A  A  A   Print
Common Variable Immunodeficiency (CVID)Inmunodeficiencia Variable Común (CVID)

Common Variable Immunodeficiency (CVID)

What is common variable immunodeficiency (CVID)?

CVID is an immunodeficiency disorder characterized by a low level of antibodies and a decreased responsiveness to some vaccines, making it difficult for the child's body to fight diseases. The child then becomes sick with recurrent infections. The disease may become evident after 24 months of age, during childhood or puberty, or even later into adulthood. The symptoms of the disease are very different for each child affected, which is why it is called a variable group of disorders.

What causes CVID?

The cause of CVID is unknown. The disorder is characterized by a decrease in the number of immunoglobulins (antibodies) in the affected person. Immunoglobulins are produced by the body and are necessary in fighting infections. In some cases, more than one individual in a family may be affected.

What are the symptoms of CVID?

The following are the most common symptoms of CVID. However, each child may experience symptoms differently. Symptoms may include:

  • Recurrent infections that can affect the eyes, skin, ears, sinuses, and lungs (the more these infections occur, the greater the risk of scarring and permanent damage to the lungs and breathing tubes)

  • Inflammation in the joints of the knees, ankles, elbows, or wrists

  • Stomach and bowel disorders

  • Increased risk of developing some cancers, especially lymphomas

How is CVID diagnosed?

A diagnosis of CVID is usually made based on a complete medical history and physical examination. In addition, multiple blood tests may be ordered to help confirm the diagnosis, and testing for low serum IgG concentrations is primary to diagnose this condition.

What is the treatment for CVID?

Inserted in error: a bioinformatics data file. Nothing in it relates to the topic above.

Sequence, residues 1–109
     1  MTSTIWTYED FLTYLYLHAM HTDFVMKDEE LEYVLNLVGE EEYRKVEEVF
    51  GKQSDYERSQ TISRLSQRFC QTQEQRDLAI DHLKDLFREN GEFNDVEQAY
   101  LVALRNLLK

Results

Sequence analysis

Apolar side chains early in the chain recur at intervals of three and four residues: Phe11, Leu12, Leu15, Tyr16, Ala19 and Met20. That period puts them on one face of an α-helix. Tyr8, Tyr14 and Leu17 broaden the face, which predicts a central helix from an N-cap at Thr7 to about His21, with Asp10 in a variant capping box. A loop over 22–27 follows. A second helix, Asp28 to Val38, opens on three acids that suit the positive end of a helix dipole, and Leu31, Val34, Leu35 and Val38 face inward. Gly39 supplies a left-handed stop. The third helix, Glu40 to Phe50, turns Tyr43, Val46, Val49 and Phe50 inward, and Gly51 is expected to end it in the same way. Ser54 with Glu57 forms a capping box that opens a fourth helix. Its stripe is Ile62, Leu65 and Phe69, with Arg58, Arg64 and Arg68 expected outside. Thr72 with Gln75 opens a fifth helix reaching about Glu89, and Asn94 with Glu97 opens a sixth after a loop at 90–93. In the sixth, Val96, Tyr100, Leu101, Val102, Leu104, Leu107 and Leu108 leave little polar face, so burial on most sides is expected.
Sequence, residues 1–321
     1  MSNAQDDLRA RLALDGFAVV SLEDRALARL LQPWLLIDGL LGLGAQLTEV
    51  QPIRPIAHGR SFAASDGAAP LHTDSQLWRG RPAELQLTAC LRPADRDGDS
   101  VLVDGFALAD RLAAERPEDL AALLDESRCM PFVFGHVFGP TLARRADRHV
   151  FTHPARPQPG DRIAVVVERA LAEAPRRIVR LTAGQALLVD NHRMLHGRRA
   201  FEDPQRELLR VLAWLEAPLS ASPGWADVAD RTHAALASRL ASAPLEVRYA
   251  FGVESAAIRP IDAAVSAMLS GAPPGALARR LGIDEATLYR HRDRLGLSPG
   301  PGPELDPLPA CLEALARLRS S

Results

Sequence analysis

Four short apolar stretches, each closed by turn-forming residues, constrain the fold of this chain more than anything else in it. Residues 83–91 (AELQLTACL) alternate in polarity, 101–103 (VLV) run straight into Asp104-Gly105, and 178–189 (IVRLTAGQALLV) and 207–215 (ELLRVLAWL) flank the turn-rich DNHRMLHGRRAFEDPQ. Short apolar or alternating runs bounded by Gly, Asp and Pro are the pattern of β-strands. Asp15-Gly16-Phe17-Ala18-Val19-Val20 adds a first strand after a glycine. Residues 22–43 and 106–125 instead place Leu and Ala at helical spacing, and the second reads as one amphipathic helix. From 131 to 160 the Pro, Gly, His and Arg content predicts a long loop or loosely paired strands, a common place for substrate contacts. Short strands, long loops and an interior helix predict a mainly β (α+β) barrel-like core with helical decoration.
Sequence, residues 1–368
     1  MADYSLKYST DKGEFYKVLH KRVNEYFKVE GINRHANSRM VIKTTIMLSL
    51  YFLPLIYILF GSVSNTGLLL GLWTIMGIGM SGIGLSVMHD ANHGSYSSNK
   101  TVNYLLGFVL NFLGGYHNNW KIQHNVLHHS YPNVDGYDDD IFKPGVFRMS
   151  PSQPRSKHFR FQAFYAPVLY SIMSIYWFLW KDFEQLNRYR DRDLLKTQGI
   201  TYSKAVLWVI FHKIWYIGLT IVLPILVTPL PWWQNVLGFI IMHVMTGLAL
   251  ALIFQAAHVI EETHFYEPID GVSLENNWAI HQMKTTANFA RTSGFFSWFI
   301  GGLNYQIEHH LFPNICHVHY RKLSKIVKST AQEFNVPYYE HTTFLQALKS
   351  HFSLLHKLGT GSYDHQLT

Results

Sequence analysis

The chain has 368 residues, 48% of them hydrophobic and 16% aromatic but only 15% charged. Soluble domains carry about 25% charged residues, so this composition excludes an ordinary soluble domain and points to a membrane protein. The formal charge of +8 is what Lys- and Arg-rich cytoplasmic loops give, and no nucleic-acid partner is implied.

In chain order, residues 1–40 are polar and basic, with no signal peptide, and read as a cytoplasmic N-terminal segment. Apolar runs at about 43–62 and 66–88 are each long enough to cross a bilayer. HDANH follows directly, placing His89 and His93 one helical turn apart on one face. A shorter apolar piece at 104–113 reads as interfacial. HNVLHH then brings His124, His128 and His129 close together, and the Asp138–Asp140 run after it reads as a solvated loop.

Specific treatment for CVID will be determined by your child's doctor based on:

  • Your child's age, overall health, and medical history

  • Extent of the disease

  • Your child's tolerance for specific medications, procedures, or therapies

  • Expectations for the course of the disease

  • Your opinion or preference

Treatment may include:

  • Immunoglobulin therapy. Intravenous (IV) infusions of immunoglobulin (antibodies) may be given to help boost the child's immune system and replace the immunoglobulins that are needed.

  • Medication. Prophylactic antibiotics to prevent infection as prescribed by your child's doctor.

  • Routine blood tests

  • Postural drainage of the lungs. This is done to help with lung infections and removal of secretions.

 
Related Items

The third-party content provided in the Health Library of phoebeputney.com is for informational purposes only and is not designed to diagnose or treat a health problem or disease, or replace the professional medical advice you receive from your physician. If you or your child has or suspect you may have a health problem, please consult your primary care physician. If you or your child may have a medical emergency, call your doctor or 911 or other emergency health care provider immediately in the United States or the appropriate health agency of your country. For more information regarding site usage, please visit: Privacy Information, Terms of Use or Disclaimer.

Follow us online:

© 2014 Phoebe Putney Health System  |  417 Third Avenue, Albany, Georgia 31701  |  Telephone 877.312.1167

Phoebe Putney Health System is a network of hospitals, family medicine clinics, rehab facilities, auxiliary services, and medical education training facilities. Founded in 1911,
Phoebe Putney Memorial Hospital (the flagship hospital) is one of Georgia's largest comprehensive regional medical centers. From the beginning, Phoebe's mission and vision
has been to bring the finest medical talent and technology to the citizens of Southwest Georgia, and to serve all citizens of the community regardless of ability to pay.